Off-the-Shelf Artificial Patch Improves Cardiac Function by 50%

The patch has shown promising results on pigs and rats.
Fabienne Lang

Researchers and medical workers have been looking at ways to improve the rates of recovery of heart attack sufferers. One of the methods is by using cardiac patches, which are meant to regenerate healthy tissue following the injury and restore the organ to its optimal function. 

Researchers from North Carolina State University (NC State University) have developed an "off-the-shelf" artificial cardiac patch that overcomes some of the dangers of other medical approaches. 

Their findings were published in Science Translational Medicine.

Cardiac patches

The main point of a cardiac patch is to repair tissue on the organ that has been irreversibly damaged due to a heart attack. There have been numerous ways researchers have looked into in order to find the best recovery method.

Many of these methods involve living cells being implanted at the place of the damage. However, this brings about some dangers, as per the NC State University researchers, as it can heighten the chances of tumors, irregular heartbeat, or triggering an immune response from the patient.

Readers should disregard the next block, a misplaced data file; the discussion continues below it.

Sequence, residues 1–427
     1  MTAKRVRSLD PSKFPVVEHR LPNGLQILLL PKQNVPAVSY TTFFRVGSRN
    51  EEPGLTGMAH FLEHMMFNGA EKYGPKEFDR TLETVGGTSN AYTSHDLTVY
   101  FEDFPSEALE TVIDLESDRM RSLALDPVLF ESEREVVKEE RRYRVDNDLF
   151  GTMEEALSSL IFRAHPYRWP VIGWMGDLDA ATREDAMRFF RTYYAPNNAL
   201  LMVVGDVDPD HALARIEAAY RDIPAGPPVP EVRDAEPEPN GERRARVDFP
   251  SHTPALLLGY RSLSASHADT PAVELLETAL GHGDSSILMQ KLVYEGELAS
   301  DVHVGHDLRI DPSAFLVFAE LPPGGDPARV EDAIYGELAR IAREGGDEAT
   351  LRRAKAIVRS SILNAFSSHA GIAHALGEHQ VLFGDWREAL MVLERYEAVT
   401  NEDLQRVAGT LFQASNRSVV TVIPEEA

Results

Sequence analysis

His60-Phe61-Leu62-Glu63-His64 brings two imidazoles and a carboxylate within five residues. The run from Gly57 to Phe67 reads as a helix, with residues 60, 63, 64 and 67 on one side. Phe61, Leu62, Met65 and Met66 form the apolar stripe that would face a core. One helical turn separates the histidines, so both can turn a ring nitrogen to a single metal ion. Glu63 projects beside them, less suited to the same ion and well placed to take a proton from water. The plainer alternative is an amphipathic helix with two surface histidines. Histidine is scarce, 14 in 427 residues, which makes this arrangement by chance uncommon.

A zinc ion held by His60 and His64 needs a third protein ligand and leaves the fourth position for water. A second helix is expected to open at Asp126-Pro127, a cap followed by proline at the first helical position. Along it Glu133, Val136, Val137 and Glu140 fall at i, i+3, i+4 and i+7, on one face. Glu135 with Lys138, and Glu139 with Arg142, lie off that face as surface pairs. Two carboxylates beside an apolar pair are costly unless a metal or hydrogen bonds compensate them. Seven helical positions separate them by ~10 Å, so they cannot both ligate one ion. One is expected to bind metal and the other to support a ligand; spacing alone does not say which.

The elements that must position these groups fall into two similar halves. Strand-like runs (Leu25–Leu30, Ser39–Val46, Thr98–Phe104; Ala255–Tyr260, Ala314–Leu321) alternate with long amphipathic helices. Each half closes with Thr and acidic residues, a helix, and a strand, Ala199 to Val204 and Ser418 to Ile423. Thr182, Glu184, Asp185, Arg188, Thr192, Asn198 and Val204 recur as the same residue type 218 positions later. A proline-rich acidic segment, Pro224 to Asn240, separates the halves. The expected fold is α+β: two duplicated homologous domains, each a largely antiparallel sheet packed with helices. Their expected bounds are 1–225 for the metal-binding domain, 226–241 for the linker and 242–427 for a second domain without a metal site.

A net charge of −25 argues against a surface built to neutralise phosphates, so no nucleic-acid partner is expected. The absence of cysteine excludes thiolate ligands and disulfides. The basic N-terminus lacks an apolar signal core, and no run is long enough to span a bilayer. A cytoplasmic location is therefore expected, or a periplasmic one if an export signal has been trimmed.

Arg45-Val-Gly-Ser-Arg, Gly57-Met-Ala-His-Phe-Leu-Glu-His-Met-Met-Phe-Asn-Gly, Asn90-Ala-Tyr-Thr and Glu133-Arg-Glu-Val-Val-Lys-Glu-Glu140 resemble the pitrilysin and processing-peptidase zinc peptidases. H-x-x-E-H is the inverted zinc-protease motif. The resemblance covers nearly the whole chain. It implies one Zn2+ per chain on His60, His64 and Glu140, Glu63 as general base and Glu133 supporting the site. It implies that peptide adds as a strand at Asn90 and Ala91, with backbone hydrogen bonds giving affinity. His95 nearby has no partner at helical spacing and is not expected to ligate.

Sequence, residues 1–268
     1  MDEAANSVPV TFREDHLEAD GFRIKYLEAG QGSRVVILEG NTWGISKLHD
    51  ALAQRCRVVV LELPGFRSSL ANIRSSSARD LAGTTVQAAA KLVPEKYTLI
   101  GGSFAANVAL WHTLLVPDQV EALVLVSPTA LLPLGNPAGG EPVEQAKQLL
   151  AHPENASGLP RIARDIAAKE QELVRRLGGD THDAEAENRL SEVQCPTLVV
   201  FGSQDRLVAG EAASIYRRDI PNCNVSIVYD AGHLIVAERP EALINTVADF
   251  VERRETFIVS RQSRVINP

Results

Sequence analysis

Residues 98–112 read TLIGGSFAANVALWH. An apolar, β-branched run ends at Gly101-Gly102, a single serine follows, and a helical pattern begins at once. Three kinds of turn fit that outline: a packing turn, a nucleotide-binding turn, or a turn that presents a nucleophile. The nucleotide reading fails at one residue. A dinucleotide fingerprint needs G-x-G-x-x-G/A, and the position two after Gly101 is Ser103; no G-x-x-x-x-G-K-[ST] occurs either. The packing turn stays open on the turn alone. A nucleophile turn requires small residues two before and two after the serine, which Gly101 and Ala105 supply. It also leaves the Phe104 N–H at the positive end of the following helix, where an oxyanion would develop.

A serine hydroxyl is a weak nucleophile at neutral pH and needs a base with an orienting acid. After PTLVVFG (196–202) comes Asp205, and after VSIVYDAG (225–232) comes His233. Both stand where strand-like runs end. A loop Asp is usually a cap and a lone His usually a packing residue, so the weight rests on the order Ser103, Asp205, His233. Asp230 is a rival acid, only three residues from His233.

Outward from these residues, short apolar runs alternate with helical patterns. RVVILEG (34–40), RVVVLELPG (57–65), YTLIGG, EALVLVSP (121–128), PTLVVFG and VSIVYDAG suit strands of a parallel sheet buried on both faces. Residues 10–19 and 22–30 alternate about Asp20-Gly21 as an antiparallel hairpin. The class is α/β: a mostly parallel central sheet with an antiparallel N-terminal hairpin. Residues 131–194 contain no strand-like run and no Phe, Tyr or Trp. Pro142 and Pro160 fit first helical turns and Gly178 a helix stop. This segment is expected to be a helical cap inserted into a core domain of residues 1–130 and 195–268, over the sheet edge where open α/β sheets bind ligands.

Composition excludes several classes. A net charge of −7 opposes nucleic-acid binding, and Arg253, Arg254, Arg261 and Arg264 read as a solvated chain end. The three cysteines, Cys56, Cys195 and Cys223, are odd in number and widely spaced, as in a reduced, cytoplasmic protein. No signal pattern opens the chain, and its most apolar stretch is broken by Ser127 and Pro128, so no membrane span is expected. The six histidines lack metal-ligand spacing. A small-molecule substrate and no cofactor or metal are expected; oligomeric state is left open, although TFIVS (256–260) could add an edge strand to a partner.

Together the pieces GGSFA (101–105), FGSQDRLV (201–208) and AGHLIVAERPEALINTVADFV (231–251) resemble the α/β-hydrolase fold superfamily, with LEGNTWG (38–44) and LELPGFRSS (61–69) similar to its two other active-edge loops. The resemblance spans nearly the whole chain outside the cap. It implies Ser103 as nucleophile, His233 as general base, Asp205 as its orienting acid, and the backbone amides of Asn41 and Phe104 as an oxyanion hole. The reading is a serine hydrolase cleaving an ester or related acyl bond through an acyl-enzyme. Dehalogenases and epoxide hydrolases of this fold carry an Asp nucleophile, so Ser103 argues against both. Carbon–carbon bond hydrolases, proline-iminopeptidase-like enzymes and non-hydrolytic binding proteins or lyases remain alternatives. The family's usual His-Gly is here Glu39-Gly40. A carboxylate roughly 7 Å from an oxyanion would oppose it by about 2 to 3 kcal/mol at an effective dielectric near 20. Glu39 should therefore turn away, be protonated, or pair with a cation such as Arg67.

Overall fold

Now, the team of researchers believes they've found a safe alternative

"We have developed an artificial cardiac patch that can potentially solve the problems associated with using live cells, yet still deliver effective cell therapy to the site of injury," said study author Ke Cheng.

The NC State University team's cardiac patch is an "off-the-shelf" design that is made up of decellularized pig heart tissue that is placed into a scaffolding matrix, then synthetic cardiac stromal cells with repair factors derived from real cardiac stromal cells are embedded into the structure. The end result is a patch that offers all the therapeutics that are normally secreted by cells but in a completely artificial format. 

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When trialing the patch on a rat model of a heart attack, its cardiac function improved by around 50% within three weeks in comparison to receiving no treatment. Scarring was also reduced by around 30%. And in a seven-day study with a pig model, the patch also reduced scarring by 30% and it stabilized the heart function. 


The team also discovered the patch functioned as well even after being stored in a frozen chamber. "The patch can be frozen and safely stored for at least 30 days, and since there are no live cells involved, it will not trigger a patient’s immune system to reject it," Cheng said.

"It is the first step toward a truly off-the-shelf solution to cardiac patch therapy."

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